It rained every day on the Bosporus as we ferried back and forth across Istanbul’s grand waterway to discuss current and impending conflicts in the globe. Inside the windowless room, sitting in a large square facing each other, former presidents, prime ministers, foreign ministers, ambassadors and a former NATO commander toured the world in words and debate to find paths to end these conflicts, to encourage the opening up of political systems and to keep those systems, their leaders and others from killing their citizens. Reports from seasoned, on-the-ground researchers informed the discussion of the board of the International Crisis Group.
Outside the meeting room, the Middle East continued in a state of foment. Its citizens had taken by surprise many of the experts in the room. Egypt’s and Tunisia’s regimes had fallen through nonviolent resistance comprised of strikes and mass protests by its citizens. However, Libya’s President Gaddafi was attacking and threatening to slaughter his dissenting citizens and had sent that country into civil war. Syria and Bahrain, slightly more restrained, had also killed hundreds of protesting citizenry.
The doctrine of the Responsibility to Protect was a focus of the debate. At what point does the international community have a responsibility to intervene when a government not only doesn’t protect its citizens but attacks them? Can the international community prevent such actions so that there will never again be another Rwanda or Srebrenica? Does the responsibility to protect inevitably lead to military intervention as it has in Libya? How does the U.N. and NATO unwind its commitment? Can it? Should it? And what about the simultaneous bloodshed in the Ivory Coast? Why were nations not invoking the Responsibility to Protect there?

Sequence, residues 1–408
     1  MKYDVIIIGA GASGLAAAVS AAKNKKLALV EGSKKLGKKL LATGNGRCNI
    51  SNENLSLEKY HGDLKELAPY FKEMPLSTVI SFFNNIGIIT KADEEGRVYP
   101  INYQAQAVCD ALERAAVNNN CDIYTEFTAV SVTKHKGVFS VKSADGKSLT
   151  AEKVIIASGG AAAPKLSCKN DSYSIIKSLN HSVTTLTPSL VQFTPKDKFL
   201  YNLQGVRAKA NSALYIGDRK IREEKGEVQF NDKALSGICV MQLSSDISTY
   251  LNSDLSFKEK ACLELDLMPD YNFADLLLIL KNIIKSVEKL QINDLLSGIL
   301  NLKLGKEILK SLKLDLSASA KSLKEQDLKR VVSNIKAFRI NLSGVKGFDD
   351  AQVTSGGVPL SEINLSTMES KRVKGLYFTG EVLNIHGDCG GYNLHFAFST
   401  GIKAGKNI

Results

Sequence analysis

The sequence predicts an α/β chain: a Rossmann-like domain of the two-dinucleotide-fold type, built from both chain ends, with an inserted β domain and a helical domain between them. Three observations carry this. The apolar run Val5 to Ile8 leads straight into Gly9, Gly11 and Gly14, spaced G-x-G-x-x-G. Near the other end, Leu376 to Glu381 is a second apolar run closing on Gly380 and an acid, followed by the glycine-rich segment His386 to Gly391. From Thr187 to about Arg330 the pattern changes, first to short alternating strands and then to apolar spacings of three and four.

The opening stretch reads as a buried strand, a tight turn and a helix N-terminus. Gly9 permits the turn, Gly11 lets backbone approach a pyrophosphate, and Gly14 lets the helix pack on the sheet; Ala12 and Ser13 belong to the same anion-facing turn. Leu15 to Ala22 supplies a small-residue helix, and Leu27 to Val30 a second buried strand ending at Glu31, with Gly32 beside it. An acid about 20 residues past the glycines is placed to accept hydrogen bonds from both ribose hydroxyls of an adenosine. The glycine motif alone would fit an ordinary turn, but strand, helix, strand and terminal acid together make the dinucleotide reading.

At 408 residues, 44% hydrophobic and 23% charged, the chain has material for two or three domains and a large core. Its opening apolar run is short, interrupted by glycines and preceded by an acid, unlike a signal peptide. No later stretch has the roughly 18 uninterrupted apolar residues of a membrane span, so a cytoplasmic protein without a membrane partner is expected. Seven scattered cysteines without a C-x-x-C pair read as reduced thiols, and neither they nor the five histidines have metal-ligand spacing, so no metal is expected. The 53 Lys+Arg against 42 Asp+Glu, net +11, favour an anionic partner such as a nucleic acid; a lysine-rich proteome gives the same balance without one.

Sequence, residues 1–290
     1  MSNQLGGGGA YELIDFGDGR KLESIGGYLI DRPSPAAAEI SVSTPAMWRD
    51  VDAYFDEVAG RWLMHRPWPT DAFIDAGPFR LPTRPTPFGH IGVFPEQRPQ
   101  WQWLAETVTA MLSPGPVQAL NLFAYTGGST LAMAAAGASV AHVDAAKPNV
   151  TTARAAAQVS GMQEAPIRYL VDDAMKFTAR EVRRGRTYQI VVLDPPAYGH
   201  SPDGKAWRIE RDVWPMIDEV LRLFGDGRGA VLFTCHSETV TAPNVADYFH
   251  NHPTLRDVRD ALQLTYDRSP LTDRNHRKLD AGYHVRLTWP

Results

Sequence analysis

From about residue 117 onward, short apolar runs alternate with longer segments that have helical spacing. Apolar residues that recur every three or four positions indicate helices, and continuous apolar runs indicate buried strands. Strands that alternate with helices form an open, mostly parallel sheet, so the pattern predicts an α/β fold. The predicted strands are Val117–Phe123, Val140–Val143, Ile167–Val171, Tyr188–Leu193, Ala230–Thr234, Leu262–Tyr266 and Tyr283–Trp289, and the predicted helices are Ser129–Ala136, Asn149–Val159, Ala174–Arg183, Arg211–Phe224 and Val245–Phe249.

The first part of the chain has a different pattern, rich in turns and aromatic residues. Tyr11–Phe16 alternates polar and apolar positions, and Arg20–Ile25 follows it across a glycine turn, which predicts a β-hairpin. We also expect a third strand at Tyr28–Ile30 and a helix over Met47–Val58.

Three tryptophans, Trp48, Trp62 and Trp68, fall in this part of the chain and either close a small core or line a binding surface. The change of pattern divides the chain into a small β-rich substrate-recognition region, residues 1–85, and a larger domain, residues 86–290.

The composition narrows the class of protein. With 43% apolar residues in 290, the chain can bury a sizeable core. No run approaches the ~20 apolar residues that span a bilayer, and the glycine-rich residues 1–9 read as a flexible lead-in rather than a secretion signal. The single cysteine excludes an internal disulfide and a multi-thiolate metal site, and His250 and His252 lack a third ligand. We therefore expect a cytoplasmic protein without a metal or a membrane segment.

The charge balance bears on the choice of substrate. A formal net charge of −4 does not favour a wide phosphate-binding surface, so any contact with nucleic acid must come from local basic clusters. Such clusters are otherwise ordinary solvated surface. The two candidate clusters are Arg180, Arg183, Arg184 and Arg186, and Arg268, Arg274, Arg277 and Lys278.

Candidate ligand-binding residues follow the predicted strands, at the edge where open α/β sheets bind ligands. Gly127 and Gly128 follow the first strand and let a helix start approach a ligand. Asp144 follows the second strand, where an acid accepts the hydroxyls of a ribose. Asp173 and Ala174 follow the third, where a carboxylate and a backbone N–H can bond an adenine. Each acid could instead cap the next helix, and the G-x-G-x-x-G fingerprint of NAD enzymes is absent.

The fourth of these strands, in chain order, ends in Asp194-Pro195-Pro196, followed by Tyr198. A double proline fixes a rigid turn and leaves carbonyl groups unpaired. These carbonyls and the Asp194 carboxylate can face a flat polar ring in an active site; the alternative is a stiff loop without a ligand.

These questions unfurled and swirled with no definitive answers. Rather, the answers were iterative, inching towards solutions. Even with some of the brightest minds around the table, foreign policy and diplomacy is not so much an art or a science; it is more like a grand bazaar, a trading of perceptions and perceptions of national interests.
In the forums on the Bosporus I was able to offer only a small window on civil society, on citizens who do not sit at such tables but have been willing to go to jail and even die because they have written or spoken their protests for freedom. I was more of a deputy sheriff in the gathering, without a global answer but with a reminder not to forget to open the stable door if the barn was being set on fire.
The freedom to tolerate without imprisoning or killing and the freedom to be tolerated without constraint is a rare and essentially modern concept in the world. When thousands, then hundreds of thousands, then millions rise up insisting on this freedom, it is a fearsome and transformative sight. Freedom itself is a concept still developing. Is there a point when my freedom depends on your captivity?
No easy answers, but I hope you’ll share your thoughts in the comment forum below.